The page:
Bettelheim vigorously disagreed. He argued that both theory “and concrete analysis show” that differences in living standards and class consciousness between the first and third world working classes were “rooted in the unequal development of capitalist production in different countries, and the effects of this inequality of development on the intensity and productivity of labor.”5 It was differences in the organic composition of capital that allowed workers in imperialist countries to produce more value in a given period of labor-time, which in turn accounted for international wage differentials. The rate of exploitation within imperialist countries, according to Bettelheim, was actually greater than in the colonized countries. This was not to suggest that their level of consumption was lower than the that of the third world; rather “that wages there are relatively lower, in comparison with productivity expressed in money terms.”6 At the heart of Emmanuel’s thesis of “unequal exchange,” Bettelheim argued, was “the unequal development of the productive forces under conditions of world domination by capitalist production relations that is the basic fact explaining the international economic inequality of wages.”7 This held important implications for international solidarity: it was “not possible” to speak of workers in the imperialist countries being part of the exploitation of workers in the colonized countries, which would have rendered solidarity impossible. Instead, there existed “objective bonds of solidarity between them, since they are all subjected, directly or indirectly, to capitalist exploitation, or are threatened by it.”8
From Appel to Arghiri
Meanwhile, in Denmark, a Marxist economist named Gottfred Appel had, quite independently of Emmanuel, developed in a series of articles in 1966–67 a similar “parasite state theory,” in response to the KAK’s failure to mobilize factory workers. Appel agreed that capitalism in the imperialist countries had been built on the exploitation of the domestic working class, but argued that “in the imperialist countries the whole of this development has mainly taken place on the basis of a vigorous exploitation, not of the workers of the imperialist countries themselves, but of the working people of the colonial and dependent countries” (185). Appel did not dispute that exploitation remained an aspect of the relationship between the bourgeoisie and first world workers, but argued that it was not the defining feature: “Today the factor of exploitation is present in Danish capitalist society, but it does not take up the dominant position. Today the factor of bribery is dominating the relationship between the bourgeoisie and the proletariat. This factor of bribery has had its imprint on the attitude of the working class as a whole” (185). In other words, the working class in the imperialist countries, despite their exploitation, had been bribed into complacency, in effect recognizing that gains could be won precisely through the further exploitation of the colonized countries, inasmuch as those gains were paid for by super-profits earned through imperialist exploitation.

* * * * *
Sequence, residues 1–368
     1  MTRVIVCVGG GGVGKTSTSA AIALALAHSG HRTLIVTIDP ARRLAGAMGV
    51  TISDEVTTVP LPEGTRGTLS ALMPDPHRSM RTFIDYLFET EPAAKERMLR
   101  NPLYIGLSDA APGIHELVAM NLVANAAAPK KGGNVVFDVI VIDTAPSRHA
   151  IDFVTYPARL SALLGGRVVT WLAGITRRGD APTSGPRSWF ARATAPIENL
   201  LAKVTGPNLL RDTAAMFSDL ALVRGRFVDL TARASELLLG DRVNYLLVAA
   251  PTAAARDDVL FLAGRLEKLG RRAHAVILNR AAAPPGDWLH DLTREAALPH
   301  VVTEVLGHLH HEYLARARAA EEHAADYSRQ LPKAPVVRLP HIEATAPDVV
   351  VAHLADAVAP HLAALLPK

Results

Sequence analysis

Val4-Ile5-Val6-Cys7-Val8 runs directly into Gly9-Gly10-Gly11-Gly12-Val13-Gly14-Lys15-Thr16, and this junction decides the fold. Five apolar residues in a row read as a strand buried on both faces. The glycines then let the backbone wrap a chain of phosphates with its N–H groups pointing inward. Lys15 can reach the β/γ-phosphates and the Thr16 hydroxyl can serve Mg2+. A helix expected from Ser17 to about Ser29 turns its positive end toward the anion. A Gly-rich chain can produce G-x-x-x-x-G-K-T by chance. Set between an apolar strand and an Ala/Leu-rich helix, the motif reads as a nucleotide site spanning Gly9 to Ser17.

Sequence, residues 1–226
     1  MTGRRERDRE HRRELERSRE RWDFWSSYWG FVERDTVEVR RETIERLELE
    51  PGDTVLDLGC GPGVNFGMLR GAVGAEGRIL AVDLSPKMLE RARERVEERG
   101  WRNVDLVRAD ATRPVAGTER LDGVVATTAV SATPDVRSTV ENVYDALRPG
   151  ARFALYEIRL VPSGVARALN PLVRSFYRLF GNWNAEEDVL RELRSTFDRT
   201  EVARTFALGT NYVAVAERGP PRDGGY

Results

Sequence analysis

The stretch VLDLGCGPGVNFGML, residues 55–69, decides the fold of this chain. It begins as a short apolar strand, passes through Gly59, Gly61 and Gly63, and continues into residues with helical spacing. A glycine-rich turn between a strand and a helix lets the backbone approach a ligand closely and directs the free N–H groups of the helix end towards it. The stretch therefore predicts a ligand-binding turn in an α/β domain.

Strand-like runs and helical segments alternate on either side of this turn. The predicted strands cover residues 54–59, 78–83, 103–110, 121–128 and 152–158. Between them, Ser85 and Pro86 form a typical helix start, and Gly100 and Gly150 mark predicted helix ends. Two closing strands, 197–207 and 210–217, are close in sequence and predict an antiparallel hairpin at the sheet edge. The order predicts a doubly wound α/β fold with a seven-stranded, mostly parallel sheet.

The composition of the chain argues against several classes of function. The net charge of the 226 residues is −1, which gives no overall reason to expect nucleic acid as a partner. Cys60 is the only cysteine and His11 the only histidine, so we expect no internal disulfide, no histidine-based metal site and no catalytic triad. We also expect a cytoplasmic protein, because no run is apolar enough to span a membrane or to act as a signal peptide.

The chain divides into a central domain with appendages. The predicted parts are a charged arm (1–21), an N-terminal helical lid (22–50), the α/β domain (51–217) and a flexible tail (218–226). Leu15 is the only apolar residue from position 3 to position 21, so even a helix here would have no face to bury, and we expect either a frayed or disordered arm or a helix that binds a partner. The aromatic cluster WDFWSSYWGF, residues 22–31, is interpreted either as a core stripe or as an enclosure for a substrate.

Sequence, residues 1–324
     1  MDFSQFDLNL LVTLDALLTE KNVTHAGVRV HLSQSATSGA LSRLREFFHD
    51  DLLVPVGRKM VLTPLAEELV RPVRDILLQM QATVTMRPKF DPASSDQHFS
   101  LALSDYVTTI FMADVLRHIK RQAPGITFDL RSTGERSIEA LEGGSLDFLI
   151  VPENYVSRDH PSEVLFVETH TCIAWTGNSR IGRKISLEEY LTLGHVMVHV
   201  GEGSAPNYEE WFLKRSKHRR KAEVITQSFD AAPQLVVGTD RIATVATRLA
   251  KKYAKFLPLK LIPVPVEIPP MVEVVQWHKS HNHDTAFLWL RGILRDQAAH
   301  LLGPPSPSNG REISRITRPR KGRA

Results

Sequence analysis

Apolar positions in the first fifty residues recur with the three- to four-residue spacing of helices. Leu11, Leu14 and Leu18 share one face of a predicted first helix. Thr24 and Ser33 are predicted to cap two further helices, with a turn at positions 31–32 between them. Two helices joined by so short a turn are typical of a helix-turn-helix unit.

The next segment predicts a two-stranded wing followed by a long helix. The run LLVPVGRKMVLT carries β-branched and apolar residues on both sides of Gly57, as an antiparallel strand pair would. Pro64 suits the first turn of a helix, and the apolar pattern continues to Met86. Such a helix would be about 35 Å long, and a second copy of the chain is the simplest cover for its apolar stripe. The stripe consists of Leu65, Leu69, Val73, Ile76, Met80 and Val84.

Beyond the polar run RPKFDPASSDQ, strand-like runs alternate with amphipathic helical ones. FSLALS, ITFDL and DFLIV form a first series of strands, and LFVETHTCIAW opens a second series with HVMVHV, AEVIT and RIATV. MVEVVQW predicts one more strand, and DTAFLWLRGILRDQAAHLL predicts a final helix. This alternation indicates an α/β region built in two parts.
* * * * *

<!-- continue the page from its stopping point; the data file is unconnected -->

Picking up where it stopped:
While they embraced key tenets of his theory, Appel and the KAK nevertheless differed from Emmanuel in their use of moralistic terms like “parasite” and “bribe,” and in their belief that revolution remained possible in a country like Denmark, albeit under very different conditions. If third world nations could successfully delink economically and politically from imperialism and the capitalist world system, they would “inevitably” upend conditions in the imperialist countries themselves, which in turn would allow the working classes in those countries to regain their revolutionary potential (5). Appel’s analysis was not a form of political defeatism or quietism; rather, it was concerned with carrying out the political tasks necessary to create the conditions for revolutionary struggle in the imperialist countries.
By 1978, the KAK split into three factions, divided by Appel’s domineering leadership and a poorly handled “anti-gender discrimination campaign” inside the organization. The M-KA faction would continue the efforts initiated by the KAK, including intellectual work, attempts at mass mobilization, and illicit activities. The M-KA felt the need to revise and amend the classical Marxist analysis of imperialism, as put forward by Lenin and uncritically adopted by Appel and the KAK:
For years we studied capital export to the Third World and profit rates. We studied the development of transnational corporations and the extraction of raw materials. Eventually, we had to conclude that Lenin’s analysis of imperialism was no longer appropriate. Foreign direct investments and profits could no longer explain the rising gap between the rich countries and the poor. However, KAK was not able to draw the necessary conclusions and revise its theory. (59)
Having broken with Appel and the KAK, the M-KA turned to Samir Amin’s theories of the relation between the global center and periphery, and to Immanuel Wallerstein’s studies of the historical development of capitalism. But it was Emmanuel’s theory of unequal exchange that became central to their analysis. Rather “than capital export and superprofits,” the hallmarks of Appel’s parasitic-class theory, “unequal exchange was the reason for the world being divided into rich and poor countries. Unequal exchange happens when goods are produced in Third World countries where wages are low and sold in rich countries where wages are high” (59).